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Newsprint prices take a U-turn; publishers seek further correction

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Newsprint prices take a U-turn; publishers seek further correction

Newsprint prices, which were a serious concern for the publishing industry in early 2008, are finally seeing a much hoped for decline, or as the media houses put it “correction” in rates. Even as there has been an 18 per cent to a 25 per cent decline in the rates over the last two months, most media houses have said that this drop doesn’t bring any relief given the current economic slowdown period.

A recent ICICI Securities paper on the media sector, prepared by Vikash Mantri, CFA and Suchitra W L from ICICI Securities, stated that “newsprint prices sharply declined 18.4 per cent month-on-month in November 2008 with ex-factory cost of domestic newsprint dipping to Rs 31,000/MT from Rs 38,000/MT. Internationally, newsprint prices are witnessing pressure, despite production cuts announced by AbitibiBowater, North America’s largest newsprint producer. On account of declining newsprint demand (down 18% YoY & 5% YoY in the US and Europe respectively in October), AbitibiBowater has decided not to push through US$20/MT price hike as was planned for December ’08. The decline in newsprint prices signals a trend reversal with significant demand erosion in the US and Europe, and reduction in raw material, energy and transportation costs. We expect listed publishing companies – HT Media and Jagran Prakashan (JPL) – to be major beneficiaries.”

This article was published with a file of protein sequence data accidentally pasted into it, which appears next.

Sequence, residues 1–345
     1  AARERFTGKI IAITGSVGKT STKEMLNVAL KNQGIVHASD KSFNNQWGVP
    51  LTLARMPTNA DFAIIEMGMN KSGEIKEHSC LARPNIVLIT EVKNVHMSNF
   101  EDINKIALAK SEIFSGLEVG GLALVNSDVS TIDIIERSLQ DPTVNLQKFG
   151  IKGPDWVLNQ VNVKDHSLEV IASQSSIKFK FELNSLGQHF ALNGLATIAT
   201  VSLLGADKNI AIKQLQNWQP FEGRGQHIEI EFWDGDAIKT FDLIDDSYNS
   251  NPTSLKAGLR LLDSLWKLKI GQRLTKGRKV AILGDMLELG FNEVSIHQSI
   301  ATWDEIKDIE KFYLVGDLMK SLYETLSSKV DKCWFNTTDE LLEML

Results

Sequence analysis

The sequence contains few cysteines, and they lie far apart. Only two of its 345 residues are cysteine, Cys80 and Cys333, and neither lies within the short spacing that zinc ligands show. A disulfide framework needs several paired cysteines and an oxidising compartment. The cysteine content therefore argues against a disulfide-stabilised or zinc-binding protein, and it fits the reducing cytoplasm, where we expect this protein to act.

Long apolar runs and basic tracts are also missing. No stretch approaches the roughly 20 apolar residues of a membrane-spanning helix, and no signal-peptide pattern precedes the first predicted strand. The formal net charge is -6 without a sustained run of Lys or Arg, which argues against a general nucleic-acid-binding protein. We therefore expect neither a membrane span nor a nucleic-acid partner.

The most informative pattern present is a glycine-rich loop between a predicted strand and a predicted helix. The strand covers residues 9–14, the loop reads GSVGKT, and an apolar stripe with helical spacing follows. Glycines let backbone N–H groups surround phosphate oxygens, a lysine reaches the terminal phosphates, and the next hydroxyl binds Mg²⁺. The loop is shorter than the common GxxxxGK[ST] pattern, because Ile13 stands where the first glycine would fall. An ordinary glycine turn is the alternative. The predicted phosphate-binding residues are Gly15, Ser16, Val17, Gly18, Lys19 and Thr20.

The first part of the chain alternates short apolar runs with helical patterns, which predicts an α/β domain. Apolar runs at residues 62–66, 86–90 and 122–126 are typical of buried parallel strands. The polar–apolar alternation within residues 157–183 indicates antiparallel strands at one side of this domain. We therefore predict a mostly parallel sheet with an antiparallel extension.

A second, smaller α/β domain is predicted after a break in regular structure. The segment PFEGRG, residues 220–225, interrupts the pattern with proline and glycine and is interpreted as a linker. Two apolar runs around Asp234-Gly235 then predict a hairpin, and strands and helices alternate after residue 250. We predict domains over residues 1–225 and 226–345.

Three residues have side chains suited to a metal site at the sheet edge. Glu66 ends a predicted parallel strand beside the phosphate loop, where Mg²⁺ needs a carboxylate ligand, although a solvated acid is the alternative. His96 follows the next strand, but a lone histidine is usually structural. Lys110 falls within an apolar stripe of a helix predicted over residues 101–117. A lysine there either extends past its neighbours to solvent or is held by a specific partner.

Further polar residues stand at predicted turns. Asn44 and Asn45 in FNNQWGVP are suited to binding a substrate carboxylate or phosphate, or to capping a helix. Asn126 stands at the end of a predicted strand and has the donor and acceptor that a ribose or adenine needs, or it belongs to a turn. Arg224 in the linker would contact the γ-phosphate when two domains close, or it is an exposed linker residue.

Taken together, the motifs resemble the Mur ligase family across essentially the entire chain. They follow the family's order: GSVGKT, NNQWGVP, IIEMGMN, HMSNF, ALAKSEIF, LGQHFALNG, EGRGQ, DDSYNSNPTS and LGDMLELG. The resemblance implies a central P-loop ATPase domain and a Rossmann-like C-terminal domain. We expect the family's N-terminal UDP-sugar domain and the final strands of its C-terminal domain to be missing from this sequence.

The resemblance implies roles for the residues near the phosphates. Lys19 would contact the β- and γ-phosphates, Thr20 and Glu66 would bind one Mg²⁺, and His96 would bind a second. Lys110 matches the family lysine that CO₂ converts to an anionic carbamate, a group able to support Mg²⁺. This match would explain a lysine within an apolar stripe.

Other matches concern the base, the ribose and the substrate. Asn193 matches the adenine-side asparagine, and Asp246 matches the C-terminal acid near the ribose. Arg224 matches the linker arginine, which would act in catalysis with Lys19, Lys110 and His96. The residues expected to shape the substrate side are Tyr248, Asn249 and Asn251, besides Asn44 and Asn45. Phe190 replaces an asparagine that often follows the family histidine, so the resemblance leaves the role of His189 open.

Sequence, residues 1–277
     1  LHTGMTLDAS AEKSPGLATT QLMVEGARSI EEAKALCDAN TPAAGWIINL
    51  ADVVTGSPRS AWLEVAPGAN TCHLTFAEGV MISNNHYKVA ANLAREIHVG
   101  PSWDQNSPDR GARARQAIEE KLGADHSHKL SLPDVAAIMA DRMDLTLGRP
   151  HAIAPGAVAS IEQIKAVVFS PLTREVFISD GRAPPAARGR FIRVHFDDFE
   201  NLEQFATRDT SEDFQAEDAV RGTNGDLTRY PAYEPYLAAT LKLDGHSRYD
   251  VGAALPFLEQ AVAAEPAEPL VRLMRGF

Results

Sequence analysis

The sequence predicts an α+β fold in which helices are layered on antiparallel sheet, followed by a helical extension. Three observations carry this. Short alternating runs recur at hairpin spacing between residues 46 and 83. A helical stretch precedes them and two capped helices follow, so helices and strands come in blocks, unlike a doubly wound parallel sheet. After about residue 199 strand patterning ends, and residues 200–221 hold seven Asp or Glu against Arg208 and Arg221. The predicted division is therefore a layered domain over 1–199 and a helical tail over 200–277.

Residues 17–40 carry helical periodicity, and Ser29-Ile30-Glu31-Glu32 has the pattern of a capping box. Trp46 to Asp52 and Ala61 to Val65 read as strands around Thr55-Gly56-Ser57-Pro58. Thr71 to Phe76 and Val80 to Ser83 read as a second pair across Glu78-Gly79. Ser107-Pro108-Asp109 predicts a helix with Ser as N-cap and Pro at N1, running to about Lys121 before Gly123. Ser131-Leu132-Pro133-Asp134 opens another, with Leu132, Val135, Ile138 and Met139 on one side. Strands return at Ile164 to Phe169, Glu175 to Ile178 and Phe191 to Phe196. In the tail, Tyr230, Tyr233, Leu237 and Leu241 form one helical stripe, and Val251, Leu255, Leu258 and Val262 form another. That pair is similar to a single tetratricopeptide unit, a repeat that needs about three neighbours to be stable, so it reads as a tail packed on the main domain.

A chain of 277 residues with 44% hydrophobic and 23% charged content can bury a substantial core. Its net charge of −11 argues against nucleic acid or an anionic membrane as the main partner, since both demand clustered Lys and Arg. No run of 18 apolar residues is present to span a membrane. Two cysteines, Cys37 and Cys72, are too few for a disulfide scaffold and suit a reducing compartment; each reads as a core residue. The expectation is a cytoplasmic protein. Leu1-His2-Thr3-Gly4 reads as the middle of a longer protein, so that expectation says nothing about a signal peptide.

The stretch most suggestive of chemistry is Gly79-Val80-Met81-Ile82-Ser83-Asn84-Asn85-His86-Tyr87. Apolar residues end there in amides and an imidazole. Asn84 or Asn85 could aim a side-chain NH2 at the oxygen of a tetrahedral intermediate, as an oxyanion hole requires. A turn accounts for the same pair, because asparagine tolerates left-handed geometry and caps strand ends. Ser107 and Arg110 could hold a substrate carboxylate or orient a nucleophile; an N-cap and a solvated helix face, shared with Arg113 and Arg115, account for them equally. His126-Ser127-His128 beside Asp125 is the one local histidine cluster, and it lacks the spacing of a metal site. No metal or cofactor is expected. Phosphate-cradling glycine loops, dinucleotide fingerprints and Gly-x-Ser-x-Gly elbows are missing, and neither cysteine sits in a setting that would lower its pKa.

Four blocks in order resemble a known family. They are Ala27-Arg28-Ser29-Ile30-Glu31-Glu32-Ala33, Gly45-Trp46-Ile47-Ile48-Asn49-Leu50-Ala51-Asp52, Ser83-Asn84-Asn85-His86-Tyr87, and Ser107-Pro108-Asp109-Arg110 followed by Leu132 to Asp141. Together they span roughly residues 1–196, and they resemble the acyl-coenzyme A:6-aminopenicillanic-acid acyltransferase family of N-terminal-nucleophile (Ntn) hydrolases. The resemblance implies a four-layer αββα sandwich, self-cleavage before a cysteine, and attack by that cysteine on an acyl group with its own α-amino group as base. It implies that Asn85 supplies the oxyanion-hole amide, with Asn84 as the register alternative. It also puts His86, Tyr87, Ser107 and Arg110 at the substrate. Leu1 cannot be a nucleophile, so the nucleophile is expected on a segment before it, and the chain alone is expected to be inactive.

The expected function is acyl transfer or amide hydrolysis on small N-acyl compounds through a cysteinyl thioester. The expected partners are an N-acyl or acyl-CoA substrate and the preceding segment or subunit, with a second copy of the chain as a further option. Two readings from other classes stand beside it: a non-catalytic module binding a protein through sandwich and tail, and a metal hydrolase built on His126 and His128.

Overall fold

Pratap Pawar, Managing Director and Managing Editor, Sakal Papers put things in perspective here, and said, “Newsprint is one of the major costs for any publication. The earlier rates had allowed us to maintain cover-prices or increase them slightly enough for the consumer to not mind. Things like cutting down on length and width of a paper kept the consumption of newsprint in control. Due to the increase of over 50 per cent in newsprint rates earlier in the year coupled with the drawback that newspapers could not raise cover prices led everyone to lose heavily in the year. This alongside the economic slowdown saw newspapers undertake severe cost cutting steps.”

Drop welcome, but lost in conversion

Bombay Samachar’s Hormusji Cama, who is also the President, Indian Newspapers Society said, “The prices were jacked up by 70 to 80 per cent earlier in the year, and the drop has been by only 20 per cent. This really does not make much of a difference for anyone.”

One reason why the decrease in the rates has not elated any spirits is the dollar-rupee equation. Ashish Bagga, CEO, India Today Group explained, “Decline in newsprint has only started to happen. Since most of the newsprint we use is imported, and there is a lag in order and receipt or consumption, much of the impact would start coming in towards the new financial year. USD, on the other hand has strengthened although expectation in the medium is that of Rupee appreciation. We would get a realistic impact of newsprint correction only if the Rupee appreciates, as otherwise the correction in newsprint prices would get negated by Rupee depreciation.”